Diver rescue

Unlike previous courses, the Rescue Diver course involves relatively little time spent underwater. Instead, there are two main components, the first of which is a theory section comprised of five knowledge reviews and a final exam. Divers will explore a range of topics including the psychology of rescue, recognizing diver stress, and preparing an emergency assistance plan for a specific dive site. The second component of the course is devoted to skill mastery. While that may not sound particularly interesting, this section involves a lot of teamwork and role-play, which demands constant awareness and quick thinking. The skill sequences are challenging, adrenalin-inducing and above all, fun. The practical section of the course is divided into three sections: self-rescue skills, ten rescue exercises and two rescue scenarios. The self-rescue skills are basic and should be familiar from earlier courses; they include cramp release, establishing positive buoyancy at the surface and using an alternative air source. As simplistic as these skills may seem, they are effective ways of alleviating problems that without proper attention could become far more severe. Much of the Rescue Diver course is dedicated to preventing accidents from happening in the first place or to mitigating them in their early stages. It is always preferable to avert an emergency rather than to face one.

Diver rescue

The ten rescue exercises are the backbone of the course, and teach individuals how to react to a variety of potential accidents or scenarios. They include learning how to appropriately assist tired and panicked divers, how to respond to distressed divers from shore and underwater, the most efficient ways to search for a missing diver, proper exiting techniques, and how to administer oxygen and in-water rescue breaths. Mastery of these skills could one day mean the difference between tragedy and survival; by knowing how to perform them effectively you become equipped to save lives. Your instructor will have assistants simulate these scenarios at any given time throughout the course, often without warning. You will be expected to react to them quickly and efficiently, as if the accident had occurred in real life. The skills that you learn as a result of this training will be put to the test in the rescue scenario section of the course, when you will be required to react to an unresponsive diver at the surface and an unresponsive diver underwater, performing the necessary steps for a rescue from start to finish.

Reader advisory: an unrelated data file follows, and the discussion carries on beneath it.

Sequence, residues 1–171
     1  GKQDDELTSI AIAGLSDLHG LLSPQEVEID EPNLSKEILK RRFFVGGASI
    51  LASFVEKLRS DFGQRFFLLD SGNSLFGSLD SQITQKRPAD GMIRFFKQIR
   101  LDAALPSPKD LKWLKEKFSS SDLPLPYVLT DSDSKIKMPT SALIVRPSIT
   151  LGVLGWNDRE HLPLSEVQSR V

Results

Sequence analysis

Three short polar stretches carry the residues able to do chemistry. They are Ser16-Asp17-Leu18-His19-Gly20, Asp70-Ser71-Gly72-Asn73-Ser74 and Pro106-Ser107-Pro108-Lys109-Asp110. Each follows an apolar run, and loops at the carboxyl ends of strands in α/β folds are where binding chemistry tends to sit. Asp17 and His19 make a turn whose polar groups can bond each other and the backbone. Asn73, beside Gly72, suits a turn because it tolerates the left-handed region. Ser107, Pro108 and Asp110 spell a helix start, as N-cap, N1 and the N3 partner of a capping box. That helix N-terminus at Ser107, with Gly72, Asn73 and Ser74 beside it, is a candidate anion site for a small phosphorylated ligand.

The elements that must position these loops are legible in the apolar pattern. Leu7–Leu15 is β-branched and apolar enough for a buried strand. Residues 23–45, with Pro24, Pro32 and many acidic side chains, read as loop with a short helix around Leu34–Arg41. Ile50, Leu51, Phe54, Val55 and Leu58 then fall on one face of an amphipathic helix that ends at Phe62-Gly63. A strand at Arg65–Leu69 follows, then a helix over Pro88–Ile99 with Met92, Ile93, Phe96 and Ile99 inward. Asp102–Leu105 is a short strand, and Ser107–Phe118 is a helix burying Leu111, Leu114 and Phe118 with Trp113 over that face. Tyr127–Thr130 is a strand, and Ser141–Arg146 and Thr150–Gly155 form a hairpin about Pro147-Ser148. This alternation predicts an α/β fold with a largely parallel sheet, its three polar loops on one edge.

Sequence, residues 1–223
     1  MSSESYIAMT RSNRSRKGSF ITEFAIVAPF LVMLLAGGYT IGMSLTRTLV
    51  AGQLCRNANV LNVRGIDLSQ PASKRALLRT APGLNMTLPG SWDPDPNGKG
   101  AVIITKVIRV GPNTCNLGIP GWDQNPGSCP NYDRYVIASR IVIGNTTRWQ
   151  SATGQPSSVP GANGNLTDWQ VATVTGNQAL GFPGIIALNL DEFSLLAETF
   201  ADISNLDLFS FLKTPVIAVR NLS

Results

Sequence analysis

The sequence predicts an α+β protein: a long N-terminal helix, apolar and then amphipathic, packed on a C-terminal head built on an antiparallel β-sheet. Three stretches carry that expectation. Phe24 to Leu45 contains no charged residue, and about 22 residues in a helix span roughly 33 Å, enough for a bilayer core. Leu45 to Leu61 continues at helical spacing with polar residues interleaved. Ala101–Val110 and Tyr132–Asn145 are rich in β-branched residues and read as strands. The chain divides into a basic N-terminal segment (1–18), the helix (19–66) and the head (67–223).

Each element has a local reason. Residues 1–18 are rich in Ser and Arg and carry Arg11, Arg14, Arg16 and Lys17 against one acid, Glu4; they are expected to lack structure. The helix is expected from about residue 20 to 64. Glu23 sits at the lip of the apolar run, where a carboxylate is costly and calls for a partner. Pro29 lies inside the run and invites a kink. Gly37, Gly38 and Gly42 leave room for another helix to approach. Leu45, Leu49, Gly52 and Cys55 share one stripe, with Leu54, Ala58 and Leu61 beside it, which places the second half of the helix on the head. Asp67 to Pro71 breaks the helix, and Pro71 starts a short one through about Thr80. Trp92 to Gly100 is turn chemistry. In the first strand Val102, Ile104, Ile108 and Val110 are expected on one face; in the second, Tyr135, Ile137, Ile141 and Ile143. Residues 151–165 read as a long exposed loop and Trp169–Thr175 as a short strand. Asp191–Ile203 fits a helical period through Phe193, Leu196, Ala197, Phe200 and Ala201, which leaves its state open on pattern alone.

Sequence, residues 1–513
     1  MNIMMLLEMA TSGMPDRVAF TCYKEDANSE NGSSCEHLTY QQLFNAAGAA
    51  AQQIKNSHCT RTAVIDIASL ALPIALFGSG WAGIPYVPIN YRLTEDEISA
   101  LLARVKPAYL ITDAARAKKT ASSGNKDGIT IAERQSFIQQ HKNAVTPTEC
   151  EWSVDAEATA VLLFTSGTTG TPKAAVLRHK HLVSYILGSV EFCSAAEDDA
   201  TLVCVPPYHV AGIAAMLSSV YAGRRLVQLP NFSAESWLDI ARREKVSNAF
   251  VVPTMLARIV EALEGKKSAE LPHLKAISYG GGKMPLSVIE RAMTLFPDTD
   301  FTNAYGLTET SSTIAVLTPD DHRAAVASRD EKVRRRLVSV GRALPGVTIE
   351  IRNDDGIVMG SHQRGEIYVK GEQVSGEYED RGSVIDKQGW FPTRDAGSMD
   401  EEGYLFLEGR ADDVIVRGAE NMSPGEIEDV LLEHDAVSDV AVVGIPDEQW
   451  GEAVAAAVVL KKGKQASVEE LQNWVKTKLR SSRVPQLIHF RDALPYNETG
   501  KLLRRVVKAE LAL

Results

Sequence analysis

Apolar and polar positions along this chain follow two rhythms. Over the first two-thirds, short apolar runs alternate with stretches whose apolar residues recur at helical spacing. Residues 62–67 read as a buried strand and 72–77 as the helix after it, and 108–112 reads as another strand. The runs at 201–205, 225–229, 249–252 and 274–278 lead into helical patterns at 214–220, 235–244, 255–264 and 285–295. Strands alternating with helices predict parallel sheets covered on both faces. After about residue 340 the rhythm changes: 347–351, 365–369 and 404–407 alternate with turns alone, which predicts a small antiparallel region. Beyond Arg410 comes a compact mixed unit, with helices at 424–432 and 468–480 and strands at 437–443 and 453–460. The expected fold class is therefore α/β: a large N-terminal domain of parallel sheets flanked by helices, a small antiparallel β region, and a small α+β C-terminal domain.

Most divers who complete their Rescue Diver training will never have to provide assistance in the aftermath of a dive accident. Thankfully, serious dive accidents happen with a scarcity that means the most valuable skills divers take away from their training are normally preventative ones, such as recognizing and managing diver stress or eliminating vertigo before it becomes a problem. However, knowing that you are able to cope with an emergency not only makes you a better buddy, but also a generally more confident, capable diver. It is important not to let your newfound skills stagnate; keep them up to date and refreshed with frequent practice. That way, whatever situations arise, you will be sufficiently equipped to deal with them in the safest and most effective way possible.